CEDAR RAPIDS — Linn County Supervisors delayed approving a zoning ordinance for the Marion Municipal Airport — which had been approved by Marion City Council last year — voicing concerns about how it could affect Marion’s future development and that residents have not been fully informed of the ordinance.
Some residents have expressed concern the proposed ordinance would limit what they build and hurt resale value of their property.
Supervisor Brent Oleson delayed the first of three votes to adopt the ordinance for Linn County, asking for time for an on-site of drive the perimeter of the overlay zones, to get a better understanding of the land and landowners affected by the ordinance.
The ordinance details land-use restrictions for residential, commercial, industrial, agriculture, and parks and recreation activities in five overlay zones surrounding the airport.
Oleson also asked Tom Treharne, Planning and Development director for the city of Marion, if staff had approached affected landowners and explained how the ordinance might affect them.
“What I’ve found over the years is a simple knock on the door and explanation would have saved hundreds of thousands of dollars and irate phone calls to me,” Oleson said. “Once we’ve improved communication, there’s a whole different change in attitude.
“I would want that commitment before we move on to negotiate a 28E Agreement.”
Community meetings to answer questions about the ordinance were held at Marion City Hall, with county and city staff, on Dec. 9, and the Linn County Jean Oxley Public Service Center on Dec. 16.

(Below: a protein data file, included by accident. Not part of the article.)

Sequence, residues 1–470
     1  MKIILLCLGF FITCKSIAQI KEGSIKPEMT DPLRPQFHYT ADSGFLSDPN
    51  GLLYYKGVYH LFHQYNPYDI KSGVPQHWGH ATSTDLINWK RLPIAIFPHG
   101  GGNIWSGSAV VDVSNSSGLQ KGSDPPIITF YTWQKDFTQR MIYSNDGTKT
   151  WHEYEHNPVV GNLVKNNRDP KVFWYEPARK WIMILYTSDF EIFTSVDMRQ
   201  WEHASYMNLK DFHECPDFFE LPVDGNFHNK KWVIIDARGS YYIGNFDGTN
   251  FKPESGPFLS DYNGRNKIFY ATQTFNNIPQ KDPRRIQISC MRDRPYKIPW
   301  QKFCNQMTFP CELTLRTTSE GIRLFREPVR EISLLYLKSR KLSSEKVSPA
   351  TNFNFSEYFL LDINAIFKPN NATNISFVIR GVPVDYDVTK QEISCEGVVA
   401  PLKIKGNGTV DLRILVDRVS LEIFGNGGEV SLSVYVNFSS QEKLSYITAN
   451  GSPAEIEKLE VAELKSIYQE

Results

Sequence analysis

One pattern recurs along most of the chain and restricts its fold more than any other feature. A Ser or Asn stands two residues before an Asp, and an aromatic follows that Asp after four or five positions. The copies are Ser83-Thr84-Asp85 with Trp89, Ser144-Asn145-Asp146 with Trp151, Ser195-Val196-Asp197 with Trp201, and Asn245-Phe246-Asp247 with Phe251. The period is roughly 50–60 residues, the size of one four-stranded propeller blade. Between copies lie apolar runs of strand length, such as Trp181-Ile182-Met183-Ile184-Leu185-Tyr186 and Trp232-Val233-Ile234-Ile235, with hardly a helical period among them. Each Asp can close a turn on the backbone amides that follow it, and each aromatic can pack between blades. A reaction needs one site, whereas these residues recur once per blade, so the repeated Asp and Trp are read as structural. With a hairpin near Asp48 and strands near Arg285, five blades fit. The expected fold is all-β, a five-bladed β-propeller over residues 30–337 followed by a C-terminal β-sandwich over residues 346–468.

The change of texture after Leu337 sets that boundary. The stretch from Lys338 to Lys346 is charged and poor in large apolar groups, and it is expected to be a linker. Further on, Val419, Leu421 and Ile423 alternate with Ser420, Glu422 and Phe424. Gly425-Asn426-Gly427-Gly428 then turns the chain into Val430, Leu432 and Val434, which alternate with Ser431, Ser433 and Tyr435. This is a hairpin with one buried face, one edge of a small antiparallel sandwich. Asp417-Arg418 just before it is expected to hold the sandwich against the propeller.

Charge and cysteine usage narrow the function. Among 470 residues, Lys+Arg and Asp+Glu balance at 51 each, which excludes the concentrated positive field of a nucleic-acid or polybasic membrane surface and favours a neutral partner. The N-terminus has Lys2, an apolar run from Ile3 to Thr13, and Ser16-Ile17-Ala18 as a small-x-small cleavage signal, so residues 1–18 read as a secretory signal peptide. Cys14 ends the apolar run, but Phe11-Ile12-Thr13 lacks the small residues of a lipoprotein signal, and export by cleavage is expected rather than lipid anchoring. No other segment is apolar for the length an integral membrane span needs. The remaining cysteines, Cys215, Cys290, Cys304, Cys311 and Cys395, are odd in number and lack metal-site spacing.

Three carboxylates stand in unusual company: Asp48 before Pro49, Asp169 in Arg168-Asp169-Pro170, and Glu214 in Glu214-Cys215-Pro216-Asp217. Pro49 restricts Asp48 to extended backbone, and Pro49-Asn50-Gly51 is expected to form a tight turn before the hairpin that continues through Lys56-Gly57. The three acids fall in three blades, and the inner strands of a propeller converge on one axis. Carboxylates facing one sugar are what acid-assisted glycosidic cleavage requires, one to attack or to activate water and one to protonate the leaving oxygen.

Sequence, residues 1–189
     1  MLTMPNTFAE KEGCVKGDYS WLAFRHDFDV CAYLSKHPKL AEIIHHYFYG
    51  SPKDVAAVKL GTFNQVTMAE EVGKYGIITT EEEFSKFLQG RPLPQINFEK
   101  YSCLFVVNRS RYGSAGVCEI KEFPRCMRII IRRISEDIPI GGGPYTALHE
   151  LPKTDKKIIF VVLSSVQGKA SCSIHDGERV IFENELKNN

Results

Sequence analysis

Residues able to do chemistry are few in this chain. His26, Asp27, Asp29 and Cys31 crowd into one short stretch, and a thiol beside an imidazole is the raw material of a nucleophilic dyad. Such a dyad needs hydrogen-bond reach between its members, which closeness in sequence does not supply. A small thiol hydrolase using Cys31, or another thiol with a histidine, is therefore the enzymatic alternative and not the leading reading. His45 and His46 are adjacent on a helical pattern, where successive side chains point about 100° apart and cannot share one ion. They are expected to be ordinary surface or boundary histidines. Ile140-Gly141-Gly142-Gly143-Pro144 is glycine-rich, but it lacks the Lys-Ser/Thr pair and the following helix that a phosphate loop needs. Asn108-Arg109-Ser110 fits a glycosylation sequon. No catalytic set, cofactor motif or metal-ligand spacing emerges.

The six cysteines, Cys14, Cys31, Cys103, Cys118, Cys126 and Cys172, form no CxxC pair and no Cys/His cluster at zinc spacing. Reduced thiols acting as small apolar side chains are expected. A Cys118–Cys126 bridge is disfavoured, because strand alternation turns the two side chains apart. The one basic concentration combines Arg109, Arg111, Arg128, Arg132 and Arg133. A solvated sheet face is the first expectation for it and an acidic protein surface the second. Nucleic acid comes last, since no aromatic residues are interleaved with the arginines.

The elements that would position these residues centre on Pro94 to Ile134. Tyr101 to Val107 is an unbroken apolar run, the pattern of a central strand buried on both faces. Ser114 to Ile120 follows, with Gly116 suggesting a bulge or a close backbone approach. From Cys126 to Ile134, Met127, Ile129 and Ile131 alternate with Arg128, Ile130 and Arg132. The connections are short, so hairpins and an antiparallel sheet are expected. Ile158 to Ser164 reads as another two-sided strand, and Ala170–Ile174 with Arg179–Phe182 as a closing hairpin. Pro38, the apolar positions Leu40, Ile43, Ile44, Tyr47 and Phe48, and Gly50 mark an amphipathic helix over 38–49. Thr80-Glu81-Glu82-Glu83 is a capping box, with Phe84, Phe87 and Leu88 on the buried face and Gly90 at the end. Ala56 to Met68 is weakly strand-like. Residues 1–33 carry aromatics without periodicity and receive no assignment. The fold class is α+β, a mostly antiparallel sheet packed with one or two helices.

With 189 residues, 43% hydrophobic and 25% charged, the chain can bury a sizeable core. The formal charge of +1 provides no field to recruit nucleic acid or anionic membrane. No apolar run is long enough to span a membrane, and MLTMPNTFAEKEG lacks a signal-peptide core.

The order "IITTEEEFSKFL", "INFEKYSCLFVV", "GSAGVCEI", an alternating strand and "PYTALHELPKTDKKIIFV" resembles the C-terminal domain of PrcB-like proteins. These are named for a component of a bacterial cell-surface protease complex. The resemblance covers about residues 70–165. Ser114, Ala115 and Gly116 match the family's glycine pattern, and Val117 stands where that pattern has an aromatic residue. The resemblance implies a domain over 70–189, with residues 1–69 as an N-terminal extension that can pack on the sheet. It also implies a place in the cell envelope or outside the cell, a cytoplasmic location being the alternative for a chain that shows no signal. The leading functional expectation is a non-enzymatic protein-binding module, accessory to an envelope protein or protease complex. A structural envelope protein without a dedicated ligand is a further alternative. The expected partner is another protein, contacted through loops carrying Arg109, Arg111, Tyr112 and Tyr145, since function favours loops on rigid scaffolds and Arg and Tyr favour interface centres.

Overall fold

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The Linn County Planning and Zoning Commission recommended supervisors approve the ordinance with a 4-2 vote.
Linn County Planning and Development Director Les Beck said that the opposition to the ordinance was not expressed, but “I think it was sympathetic to concerns expressed by rural property owners about additional regulations.”
Linn County eventually has to approve the ordinance or they could be sued by the city of Marion, Beck said.
The Marion City Council approved the ordinance in October to comply with grants received by the Department of Transportation to reconstruct the runway.
Bob Kettelkamp, of Marion, owns a 130-acre dairy farm a mile and a half south of the airport runway, which he has operated for 35 years.
With the new airport zoning ordinances, Kettlekamp is unable to build a house on his property, which he hoped his children may want to do someday. He also is concerned the Federal Aviation Administration will find his three 80-foot-high silos incompatible with the ordinance, which allows buildings to be 35 to 45 feet high compared to the elevation of the runway.
“It’s a matter of losing property value and losing property rights,” Kettlekamp said. “I don’t know where we sit with the silos.
“I know we can’t build a house. I understand the need for zoning, but I don’t understand the need for a 20-acre airport to have control over 2,000 acres.”
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Once the ordinance is adopted by the county, Marion and Linn County will enter into a 28E Agreement, which specifies that if Linn County receives permit applications for new construction within the Marion Municipal Airport overlay zone, those permits will be forwarded to the city of Marion for review.
While Iowa Code exempts farm land and farm structures from building and zoning regulations, Beck said Linn County still asks residents to submit an application for exemption. The exemption requests within the overlay zone also will be forwarded to the city of Marion for review.
The city purchased the airport in 2015. It had been privately owned.
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